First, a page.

Prescott police arrest California fugitive
PRESCOTT Prescott Police officers arrested 65-year-old California fugitive Howard Keith Henson Friday, five years after he fled to Canada to avoid serving a one-year jail sentence for making threats against the Church of Scientology.
threats and picketing in front of one
of the churches' com-pounds in Riverside County
stem from his belief that the church, which he views as a cult and not a religion, was responsible for the deaths of two women, a Scientologist and a non-Scientologist, according to his Web site.
Henson regards himself as one of "the most effective critics of
Scientology," according to his Web site.
Prescott Police Sgt. Ken Morley said Monday that detective Mark McClain watched Henson's home in the 800 block of Whetstine Avenue for three months after receiving a tip about his fugitive status. McClain arrested Henson, a Prescott High School graduate, on a fugitive-from-justice
warrant during a traffic stop near Black Drive in Prescott, Morley said.
At the time of his arrest, McClain explained to Henson the reason he was taking him into custody and, Morley said, "that kind of freaked him out." A Riverside County trial jury convicted Henson of a criminal threats misdemeanor in April 2001, but acquitted him of two other criminal threats charges, said Ingrid Wyatt, a spokesperson for the Riverside County District Attorney's Office.
She said a judge initially set sentencing for Henson in May 2001, but after he failed to appear, he rescheduled it for July. In his absentia, Henson received one year in jail, the maximum sentence he could get for the offense, Wyatt said.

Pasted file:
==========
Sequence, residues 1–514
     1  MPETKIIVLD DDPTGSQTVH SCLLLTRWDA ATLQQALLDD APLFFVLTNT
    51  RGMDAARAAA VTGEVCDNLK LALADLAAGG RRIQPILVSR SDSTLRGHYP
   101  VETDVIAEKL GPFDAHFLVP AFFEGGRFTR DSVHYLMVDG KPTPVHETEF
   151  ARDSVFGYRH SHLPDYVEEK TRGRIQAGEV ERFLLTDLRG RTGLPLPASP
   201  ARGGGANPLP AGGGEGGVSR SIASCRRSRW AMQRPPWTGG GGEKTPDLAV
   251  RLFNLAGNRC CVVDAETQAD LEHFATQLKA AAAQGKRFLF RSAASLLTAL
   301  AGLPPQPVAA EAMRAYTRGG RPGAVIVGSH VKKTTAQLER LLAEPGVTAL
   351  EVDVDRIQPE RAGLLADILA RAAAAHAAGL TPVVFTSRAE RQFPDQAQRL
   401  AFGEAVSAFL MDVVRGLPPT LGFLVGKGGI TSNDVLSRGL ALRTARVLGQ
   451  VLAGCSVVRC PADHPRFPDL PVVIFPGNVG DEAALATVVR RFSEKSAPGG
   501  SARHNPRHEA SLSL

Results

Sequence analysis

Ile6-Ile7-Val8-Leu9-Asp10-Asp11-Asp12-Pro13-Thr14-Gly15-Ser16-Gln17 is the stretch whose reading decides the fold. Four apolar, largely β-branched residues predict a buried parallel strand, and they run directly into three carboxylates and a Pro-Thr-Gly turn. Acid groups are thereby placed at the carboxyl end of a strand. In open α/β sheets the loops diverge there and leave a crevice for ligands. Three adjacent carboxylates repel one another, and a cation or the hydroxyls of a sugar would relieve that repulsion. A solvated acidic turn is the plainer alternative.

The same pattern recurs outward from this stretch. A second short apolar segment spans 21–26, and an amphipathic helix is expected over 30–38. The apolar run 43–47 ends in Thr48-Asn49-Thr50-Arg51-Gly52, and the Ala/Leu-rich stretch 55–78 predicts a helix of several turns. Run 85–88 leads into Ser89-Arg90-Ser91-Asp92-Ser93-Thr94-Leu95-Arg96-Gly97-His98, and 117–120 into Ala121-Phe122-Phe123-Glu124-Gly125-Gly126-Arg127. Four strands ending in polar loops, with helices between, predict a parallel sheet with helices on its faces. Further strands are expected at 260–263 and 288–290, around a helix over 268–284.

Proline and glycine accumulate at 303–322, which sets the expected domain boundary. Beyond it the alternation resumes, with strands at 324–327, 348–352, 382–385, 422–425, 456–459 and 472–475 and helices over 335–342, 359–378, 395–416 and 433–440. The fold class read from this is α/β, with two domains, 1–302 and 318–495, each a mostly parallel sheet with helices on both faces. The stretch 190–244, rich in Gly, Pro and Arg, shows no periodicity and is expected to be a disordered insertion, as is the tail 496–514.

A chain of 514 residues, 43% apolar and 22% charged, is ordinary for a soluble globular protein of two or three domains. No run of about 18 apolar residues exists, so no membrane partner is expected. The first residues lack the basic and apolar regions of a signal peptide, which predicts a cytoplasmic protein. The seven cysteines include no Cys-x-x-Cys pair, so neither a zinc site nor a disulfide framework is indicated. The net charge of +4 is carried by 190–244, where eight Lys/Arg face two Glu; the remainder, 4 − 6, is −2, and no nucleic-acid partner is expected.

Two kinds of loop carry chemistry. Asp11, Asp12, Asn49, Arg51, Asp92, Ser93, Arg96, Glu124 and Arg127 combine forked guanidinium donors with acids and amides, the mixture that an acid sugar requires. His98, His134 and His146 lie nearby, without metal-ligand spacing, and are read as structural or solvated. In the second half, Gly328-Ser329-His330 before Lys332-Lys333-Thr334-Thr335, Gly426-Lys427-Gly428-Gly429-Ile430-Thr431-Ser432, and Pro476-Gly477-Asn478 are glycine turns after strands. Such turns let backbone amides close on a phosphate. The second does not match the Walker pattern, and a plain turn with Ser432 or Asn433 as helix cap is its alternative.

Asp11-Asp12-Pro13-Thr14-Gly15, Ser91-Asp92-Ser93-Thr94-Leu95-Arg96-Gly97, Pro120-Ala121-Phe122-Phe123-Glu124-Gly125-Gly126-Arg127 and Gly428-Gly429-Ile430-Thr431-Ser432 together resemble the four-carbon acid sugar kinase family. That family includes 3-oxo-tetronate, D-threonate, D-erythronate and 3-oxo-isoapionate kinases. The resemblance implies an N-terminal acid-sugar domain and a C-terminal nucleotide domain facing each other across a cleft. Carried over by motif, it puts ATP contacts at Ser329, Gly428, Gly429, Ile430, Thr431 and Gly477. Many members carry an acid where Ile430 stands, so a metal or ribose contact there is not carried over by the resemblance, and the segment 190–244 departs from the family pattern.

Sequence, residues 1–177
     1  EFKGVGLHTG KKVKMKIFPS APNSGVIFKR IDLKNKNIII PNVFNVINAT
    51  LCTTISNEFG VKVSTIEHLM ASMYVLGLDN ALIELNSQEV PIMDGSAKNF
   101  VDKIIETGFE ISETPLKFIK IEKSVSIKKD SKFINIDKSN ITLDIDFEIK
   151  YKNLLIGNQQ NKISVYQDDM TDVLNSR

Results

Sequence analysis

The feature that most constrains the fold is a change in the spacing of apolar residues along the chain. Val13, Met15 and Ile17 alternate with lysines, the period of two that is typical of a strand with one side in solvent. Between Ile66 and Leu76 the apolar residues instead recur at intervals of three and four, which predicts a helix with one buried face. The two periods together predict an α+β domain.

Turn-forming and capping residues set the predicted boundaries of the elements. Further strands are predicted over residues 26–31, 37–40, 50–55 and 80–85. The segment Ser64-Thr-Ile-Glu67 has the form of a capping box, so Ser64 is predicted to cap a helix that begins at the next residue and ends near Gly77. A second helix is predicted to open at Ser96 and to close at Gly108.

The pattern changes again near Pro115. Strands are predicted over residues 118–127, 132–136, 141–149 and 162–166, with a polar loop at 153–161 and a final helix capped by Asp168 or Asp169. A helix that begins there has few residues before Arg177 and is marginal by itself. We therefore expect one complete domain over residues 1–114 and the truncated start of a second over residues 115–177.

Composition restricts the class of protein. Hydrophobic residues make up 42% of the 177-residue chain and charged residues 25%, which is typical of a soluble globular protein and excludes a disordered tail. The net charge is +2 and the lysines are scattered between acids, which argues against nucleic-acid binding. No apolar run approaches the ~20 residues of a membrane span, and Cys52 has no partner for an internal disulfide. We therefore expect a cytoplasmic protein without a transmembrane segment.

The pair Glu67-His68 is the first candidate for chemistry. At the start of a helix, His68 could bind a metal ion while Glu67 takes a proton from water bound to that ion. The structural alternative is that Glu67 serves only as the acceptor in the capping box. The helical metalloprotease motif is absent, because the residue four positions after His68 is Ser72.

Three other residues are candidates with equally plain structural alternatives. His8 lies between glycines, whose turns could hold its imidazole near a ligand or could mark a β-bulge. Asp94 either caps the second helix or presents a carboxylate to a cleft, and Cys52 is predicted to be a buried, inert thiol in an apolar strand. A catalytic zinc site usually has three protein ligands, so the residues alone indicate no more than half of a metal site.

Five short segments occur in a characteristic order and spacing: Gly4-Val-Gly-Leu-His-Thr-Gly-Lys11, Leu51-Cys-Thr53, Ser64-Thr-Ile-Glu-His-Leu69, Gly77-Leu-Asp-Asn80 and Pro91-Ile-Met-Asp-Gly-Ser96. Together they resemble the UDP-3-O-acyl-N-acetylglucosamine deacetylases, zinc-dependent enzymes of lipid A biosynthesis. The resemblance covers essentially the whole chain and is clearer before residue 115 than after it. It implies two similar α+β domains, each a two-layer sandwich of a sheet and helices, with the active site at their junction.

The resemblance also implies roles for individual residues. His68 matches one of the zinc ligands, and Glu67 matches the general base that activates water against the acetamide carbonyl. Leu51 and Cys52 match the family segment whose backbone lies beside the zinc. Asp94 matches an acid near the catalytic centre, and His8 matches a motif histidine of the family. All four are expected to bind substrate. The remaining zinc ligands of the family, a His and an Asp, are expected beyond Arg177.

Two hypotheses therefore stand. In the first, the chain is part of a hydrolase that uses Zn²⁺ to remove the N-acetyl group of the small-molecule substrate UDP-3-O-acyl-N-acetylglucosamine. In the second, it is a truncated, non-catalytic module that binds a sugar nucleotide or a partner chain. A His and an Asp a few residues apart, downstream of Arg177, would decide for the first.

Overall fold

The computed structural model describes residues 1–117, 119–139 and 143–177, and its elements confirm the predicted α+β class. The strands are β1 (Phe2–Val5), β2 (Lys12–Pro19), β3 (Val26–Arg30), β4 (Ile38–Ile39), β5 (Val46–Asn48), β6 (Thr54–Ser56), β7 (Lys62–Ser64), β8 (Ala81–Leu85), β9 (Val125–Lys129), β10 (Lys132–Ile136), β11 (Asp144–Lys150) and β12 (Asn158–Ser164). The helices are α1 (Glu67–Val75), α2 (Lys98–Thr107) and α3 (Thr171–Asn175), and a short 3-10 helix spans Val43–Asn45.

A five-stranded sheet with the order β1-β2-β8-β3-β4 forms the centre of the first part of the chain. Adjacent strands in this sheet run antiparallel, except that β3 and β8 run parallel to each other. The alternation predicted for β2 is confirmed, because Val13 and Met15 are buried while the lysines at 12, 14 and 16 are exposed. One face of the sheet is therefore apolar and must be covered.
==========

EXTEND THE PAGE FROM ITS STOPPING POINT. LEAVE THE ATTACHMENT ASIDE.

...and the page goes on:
She said other details are not readily available because the case had been closed and archived. She couldn't confirm whether those charges stem from the threats Henson made toward the church. The Riverside County Sheriff's Office referred any inquires about the case to the district attorney.
McClain said he gathered most of the information about Henson from the Internet.
The Wikipedia Web site describes Henson as a "staunch critic of Scientology, whose retaliation resulted in his conviction Š for interfering with the civil rights of Scientologists."
It says that during Henson's trial a judge disallowed Henson to present key elements of his defense including "that he was exercising his First Amendment right in criticizing what he deemed a dangerous cult."
According to Henson's Web page, the jurors didn't hear about the signs he carried while picketing in front of the Hemet Compound of Scientology, which he described as a heavily defended compound, about 70 miles west of Los Angeles.
The other two counts the jury acquitted him of were related to alleged claims that Henson terrorized Scientologists with his portable nuclear arsenal, he says on his Web site.
Wikipedia indicates that the church declared Henson a
criminal and a terrorist.
To avoid serving jail time, Henson escaped to Canada hoping to obtain refugee status. Between 2001 and 2005, while waiting for a decision from the Canadian government, he lived and worked as an electronics engineer in Brantford, Ontario. He earned his electrical engineering degree from the University of Arizona where he was regarded as one of the founders of the Druid Student Center, Wikipedia says. A campus humor newspaper, The Frumious Bandersnatch, was published there in the late 1960s.
Because he faced prospects of the Canadian government rejecting his political asylum application, which would mean his deportation to the United States and his serving the jail sentence, Henson left Canada and notified its government that he left on his own accord, Wikipedia says.
Henson disappeared from the public eye until Friday when McClain took him into custody. Morley said Henson lived in Prescott for at least two years.
If California authorities extradite Henson, he will serve the jail sentence but will not face new charges related to his escape, Wyatt said.
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